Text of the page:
It was this period of Troy that Schliemman was interested in. He was convinced that he would find proof that Troy really had existed and was not just fictional. He was a wealthy man and paid a vast sum of money to buy an excavation licence from the Turkish government, and on paying men to do the hard work while he took the credit in 1870 for finding what is thought to be the seventh city of Troy. Sadly Heinrich Schliemann is not the hero he could have been; while many people come to Troy to see the remains, the really interesting finds were taken out of Turkey and are now in the Pushkin Museum in Russia. There has been an ongoing dispute as the Turkish government try to recover the treasures from Troy. Furthermore, Schliemann may have been an archaeologist but he was only interested in Troy VII the Homeric era. So desperate was he to prove that Troy had existed on this site (and perhaps to capture the treasures left behind) that he damaged some of the structures from later eras that might also have been of historic interest. One historian described Troy as ” a ruin of a ruin” because of the brutal way in which Schliemann demolished the parts he was not interested in. It could be argued that Schliemann was just a gold digger rather than an archaeologist.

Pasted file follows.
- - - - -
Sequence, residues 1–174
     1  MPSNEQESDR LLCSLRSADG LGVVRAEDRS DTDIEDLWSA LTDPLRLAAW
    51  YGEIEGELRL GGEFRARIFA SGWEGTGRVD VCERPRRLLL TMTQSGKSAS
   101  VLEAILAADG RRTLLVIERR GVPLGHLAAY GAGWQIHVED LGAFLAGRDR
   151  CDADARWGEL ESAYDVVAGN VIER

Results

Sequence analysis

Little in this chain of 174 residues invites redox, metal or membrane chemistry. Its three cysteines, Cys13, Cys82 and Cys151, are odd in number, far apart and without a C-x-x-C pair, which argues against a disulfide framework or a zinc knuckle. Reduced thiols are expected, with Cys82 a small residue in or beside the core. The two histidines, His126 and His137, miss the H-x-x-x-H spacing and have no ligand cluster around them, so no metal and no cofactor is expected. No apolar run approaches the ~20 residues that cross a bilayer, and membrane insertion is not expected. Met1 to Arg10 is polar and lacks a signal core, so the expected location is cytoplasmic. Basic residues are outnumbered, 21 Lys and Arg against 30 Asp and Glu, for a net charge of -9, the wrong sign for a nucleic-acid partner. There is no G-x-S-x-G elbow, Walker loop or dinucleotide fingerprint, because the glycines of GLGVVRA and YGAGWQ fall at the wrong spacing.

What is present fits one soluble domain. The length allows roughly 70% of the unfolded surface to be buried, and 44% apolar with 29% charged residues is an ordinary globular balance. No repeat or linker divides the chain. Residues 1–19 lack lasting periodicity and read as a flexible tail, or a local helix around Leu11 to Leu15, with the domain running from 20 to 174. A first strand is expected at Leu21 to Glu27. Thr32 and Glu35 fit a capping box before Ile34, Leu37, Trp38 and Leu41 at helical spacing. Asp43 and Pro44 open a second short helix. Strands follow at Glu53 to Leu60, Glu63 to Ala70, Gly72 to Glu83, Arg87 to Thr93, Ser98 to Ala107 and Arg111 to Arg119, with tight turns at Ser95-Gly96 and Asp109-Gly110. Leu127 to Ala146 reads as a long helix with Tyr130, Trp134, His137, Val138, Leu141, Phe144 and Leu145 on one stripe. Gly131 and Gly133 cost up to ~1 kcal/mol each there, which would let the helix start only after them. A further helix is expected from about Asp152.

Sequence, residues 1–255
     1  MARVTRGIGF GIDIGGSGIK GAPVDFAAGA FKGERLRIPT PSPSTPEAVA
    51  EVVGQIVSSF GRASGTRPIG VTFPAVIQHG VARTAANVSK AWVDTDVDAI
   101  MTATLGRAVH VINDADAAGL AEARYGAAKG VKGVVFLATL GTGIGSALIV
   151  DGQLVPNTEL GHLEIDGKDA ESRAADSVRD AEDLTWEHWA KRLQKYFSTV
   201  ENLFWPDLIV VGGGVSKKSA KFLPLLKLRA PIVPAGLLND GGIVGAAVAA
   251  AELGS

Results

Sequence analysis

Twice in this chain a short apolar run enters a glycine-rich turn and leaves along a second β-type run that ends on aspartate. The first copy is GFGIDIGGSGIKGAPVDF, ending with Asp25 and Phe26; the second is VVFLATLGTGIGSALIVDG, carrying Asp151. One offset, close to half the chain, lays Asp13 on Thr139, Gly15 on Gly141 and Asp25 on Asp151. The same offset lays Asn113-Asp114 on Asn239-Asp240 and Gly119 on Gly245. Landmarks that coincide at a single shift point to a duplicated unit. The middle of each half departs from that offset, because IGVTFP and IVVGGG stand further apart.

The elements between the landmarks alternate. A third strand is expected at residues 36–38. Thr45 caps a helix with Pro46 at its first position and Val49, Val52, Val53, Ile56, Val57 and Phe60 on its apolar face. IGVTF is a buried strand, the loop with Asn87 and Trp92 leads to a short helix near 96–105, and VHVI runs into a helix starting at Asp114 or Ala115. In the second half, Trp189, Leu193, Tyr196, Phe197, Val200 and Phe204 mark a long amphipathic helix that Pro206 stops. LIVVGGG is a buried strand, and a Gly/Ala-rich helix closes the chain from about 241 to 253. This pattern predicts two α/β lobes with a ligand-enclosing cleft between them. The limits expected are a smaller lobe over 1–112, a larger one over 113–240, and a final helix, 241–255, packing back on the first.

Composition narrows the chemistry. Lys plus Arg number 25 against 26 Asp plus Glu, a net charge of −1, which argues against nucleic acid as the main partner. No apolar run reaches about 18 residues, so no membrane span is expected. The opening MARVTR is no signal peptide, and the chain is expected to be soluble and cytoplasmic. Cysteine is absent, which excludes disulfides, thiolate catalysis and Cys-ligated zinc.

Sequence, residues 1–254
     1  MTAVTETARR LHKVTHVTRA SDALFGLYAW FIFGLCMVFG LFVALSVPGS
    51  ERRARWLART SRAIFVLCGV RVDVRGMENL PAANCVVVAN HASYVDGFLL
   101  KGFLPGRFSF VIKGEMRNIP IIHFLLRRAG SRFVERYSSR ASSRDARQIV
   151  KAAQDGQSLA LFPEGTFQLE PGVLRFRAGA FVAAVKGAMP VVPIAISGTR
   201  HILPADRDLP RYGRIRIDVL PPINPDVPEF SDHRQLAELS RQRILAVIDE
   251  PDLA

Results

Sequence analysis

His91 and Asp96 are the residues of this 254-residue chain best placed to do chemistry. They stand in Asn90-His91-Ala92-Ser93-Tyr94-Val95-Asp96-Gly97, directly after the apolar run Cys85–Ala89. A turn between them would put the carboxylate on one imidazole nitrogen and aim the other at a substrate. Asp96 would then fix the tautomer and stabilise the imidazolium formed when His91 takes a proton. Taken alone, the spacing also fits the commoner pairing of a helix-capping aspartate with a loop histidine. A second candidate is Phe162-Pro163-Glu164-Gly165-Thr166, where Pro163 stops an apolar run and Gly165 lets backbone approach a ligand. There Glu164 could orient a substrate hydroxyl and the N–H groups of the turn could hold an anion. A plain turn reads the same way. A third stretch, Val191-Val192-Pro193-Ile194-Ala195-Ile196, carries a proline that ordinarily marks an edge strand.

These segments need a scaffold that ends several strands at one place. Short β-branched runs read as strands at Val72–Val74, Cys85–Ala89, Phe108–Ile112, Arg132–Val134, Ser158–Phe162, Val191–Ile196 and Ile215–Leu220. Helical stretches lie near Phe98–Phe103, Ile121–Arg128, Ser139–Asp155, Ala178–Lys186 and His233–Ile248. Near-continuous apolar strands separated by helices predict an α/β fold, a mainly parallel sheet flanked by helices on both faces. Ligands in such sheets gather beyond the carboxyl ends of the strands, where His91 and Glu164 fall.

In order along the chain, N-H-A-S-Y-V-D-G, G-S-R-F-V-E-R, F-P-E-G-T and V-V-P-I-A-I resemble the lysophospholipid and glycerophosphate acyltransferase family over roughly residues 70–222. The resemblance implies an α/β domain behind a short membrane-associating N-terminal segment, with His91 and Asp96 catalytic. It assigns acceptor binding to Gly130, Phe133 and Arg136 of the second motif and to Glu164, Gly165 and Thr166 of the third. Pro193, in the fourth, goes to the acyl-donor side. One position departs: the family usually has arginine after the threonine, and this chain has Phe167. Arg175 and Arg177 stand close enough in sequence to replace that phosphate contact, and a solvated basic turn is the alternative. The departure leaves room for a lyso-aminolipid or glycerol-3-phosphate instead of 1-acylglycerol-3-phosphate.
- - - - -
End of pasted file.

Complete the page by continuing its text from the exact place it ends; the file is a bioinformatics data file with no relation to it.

VISITING TROY TODAY
Entry to the site costs around 6 Euro but admission is usually included in the cost of organised tours. You can visit without a guide but, for reasons that will be evident, I would not recommend it. We visited with Trooper Tours, a company based in Cannakkale.
The first thing you come across is a replica of the Trojan horse that you can go into. Beside this is the Excavations House where the original archaeologists slept and ate. Here there are some useful displays explaining a little about the local geography why Troy was used by successive civilizations and about the nine cities that have been found here. The photographs are now quite faded and it would be nice to see the display updated I am sure that it would be possible to find graphics that would make it easier to visitors to understand the complex remains they are about to see. Around Troy there are signs that briefly explain what each excavation is but they are not very helpful.